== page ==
As far as the defenses under tort law are concerned, there are certain defenses which you can take by any wrong doing in tort law. These are known as general defenses. Let us have a look at these defenses. They are as follows:-
- Plaintiff himself being the wrong doer
- Act of God
- Inevitable Accident
- Private Defense
- Act done in respect of a Statutory Authority
Volunti non fit injuria
As far as the defense of consent is concerned, it arises from a latin maxim volunti non-fit injuria, it means that a person who consents to harm cannot say that a tort has been committed against him. No one can enforce a right which he has voluntarily waived off or abandoned consent to suffer the harm may be express or implied.
For the defense of consent to be available, the act of causing the harm must go beyond the limit what has been consented.
Case laws on the above defense –
- Hall v. Brooklans Auto Racing Club- In this case, the plaintiff during a car race got injured due to the collision of two cars. During the collision, one car came into the stands, which caused injury to the plaintiff. Plaintiff sued the defendant for the damages, but the defendant was not held liable as the plaintiff himself took the risk of injury.
- Padmavati v. Dugganaika – In this case, plaintiff along with two strangers in the jeep, was travelling and bolts of the tyre of the jeep opened up due to which the car toppled. In this incident one of the stranger was thrown out of the jeep, while the other stranger was severely injured. Since it is the sheer case of accident, defendant was not held liable.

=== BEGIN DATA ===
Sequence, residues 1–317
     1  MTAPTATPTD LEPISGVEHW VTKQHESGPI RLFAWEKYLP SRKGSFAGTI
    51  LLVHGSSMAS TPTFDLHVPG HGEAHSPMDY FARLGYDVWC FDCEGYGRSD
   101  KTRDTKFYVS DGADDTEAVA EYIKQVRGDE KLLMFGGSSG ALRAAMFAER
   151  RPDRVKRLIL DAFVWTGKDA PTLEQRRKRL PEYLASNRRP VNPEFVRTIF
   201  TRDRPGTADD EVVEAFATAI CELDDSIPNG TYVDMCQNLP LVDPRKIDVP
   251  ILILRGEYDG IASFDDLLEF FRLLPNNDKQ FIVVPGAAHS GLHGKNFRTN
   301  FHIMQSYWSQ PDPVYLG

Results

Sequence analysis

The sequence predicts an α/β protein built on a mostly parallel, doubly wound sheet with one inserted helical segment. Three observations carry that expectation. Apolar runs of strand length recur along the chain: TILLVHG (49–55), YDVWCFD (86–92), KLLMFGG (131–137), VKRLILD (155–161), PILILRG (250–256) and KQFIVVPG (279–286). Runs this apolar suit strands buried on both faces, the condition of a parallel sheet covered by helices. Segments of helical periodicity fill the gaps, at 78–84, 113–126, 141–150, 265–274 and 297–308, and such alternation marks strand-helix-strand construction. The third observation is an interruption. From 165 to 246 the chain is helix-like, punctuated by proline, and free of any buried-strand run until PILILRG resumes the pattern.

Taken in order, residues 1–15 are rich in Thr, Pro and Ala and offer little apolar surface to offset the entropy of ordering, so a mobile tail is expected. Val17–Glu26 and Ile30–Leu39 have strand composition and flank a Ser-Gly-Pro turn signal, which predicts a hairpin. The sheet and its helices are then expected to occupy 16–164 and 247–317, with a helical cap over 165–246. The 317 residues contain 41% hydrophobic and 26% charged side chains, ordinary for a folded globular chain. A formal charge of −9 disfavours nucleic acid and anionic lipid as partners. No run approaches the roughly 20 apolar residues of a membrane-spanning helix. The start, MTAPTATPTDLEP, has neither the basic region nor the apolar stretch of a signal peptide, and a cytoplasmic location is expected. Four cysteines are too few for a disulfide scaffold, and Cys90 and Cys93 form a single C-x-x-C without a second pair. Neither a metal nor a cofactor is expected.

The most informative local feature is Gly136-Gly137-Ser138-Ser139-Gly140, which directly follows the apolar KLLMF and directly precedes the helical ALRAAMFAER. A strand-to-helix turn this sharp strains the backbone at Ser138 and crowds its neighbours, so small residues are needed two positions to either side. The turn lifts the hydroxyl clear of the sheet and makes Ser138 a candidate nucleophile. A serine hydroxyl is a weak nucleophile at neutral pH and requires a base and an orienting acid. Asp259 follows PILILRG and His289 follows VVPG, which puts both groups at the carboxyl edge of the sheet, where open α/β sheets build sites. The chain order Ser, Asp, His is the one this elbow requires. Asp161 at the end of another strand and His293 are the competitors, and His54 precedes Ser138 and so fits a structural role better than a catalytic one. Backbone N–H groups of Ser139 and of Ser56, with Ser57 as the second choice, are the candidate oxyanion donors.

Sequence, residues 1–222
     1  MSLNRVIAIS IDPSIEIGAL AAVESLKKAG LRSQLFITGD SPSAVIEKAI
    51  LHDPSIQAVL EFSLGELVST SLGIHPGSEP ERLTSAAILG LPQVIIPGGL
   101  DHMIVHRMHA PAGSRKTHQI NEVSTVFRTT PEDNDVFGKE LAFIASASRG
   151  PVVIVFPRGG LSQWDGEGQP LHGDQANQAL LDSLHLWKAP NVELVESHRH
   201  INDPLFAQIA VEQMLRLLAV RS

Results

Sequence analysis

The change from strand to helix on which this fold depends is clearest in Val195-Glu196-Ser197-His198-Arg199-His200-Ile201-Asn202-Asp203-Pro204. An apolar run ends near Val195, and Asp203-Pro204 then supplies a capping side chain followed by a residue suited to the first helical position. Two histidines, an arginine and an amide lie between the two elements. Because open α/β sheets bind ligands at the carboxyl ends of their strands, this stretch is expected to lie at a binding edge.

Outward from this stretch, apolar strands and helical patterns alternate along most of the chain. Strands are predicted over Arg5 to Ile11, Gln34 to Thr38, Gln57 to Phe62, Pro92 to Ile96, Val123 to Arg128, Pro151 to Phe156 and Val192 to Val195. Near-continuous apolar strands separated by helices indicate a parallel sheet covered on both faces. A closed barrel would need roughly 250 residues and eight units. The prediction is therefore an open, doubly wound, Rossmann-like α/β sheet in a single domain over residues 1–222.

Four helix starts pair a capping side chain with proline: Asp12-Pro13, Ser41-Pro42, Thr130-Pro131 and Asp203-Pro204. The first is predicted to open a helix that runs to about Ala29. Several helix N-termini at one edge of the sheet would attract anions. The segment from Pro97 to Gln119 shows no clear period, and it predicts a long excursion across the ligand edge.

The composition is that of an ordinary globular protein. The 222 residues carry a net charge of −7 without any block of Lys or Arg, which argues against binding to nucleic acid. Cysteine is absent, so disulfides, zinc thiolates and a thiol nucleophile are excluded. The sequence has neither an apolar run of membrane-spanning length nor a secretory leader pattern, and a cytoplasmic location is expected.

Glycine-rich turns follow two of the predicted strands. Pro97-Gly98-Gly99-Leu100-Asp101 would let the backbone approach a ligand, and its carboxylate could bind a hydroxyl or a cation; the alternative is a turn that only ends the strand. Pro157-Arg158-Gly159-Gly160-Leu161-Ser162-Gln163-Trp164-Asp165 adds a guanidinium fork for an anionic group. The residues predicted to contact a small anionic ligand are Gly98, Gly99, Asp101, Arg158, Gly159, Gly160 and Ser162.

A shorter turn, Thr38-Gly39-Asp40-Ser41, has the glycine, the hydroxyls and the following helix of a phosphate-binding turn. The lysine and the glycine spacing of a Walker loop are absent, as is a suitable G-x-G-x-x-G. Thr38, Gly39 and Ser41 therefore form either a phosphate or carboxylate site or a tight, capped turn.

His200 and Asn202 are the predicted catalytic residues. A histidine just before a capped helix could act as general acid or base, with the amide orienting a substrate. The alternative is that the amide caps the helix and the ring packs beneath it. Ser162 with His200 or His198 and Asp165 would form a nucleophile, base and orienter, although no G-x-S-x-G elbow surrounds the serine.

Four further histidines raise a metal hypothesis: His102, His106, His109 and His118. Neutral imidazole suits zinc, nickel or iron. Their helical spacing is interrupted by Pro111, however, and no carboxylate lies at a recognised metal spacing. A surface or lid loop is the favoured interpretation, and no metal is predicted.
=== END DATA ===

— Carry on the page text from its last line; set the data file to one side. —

- Woodbridge v. Sumner- In this case, plaintiff was a photographer in the horse race. While he was clicking photos during the event, he was severely injured by the defendant’s horse. Defendant was not held liable as the plaintiff himself consented and voluntarily went there to click photos.
Some important things to be remembered while learning VNFI, they are as follows:-
If the consent of the plaintiff has been obtained by fraud or under compulsion or under some mistaken impression such consent doesn’t deserve a good defense.
Lakshmi Rajan v. Malar Hospital Ltd.- In this case, plaintiff was a married woman of 40 years who got lump in her breast. Malar Hospital has taken consent for any mishappening in the surgery. During the surgery, along with breast lumps her uterus was also removed without any justification. Since the hospital has taken consent only for the lumps in her breast, the defendants were held liable.
Ex turpi causa non oritur action- From an immoral cause, no action arises.
Case – R v. Williams– In this case, the defendants was a singer who used to teach singing to his students. Defendant during the singing lesson convinced one of his student to give her consent for sexual intercourse with him for the purpose of improving her voice. In this case the defendant will be held liable.
Consent under compulsion-
Consent given under circumstances when the person does not have a freedom of choice is not, the proper consent. Such consent generally arises in a master servant relationship.
Thus, a man cannot be said to be truly willing, unless he is in a position to choose freely and freedom of choice predicts, not only full knowledge of circumstances on which exercise of choice is conditional, so that he may be able to choose wisely, but the absence of any feeling of constraint so that nothing shall interfere with the freedom of his will. Therefore, there is no volunti non fit injuria, when a servant is forced to do some work, despite his protest.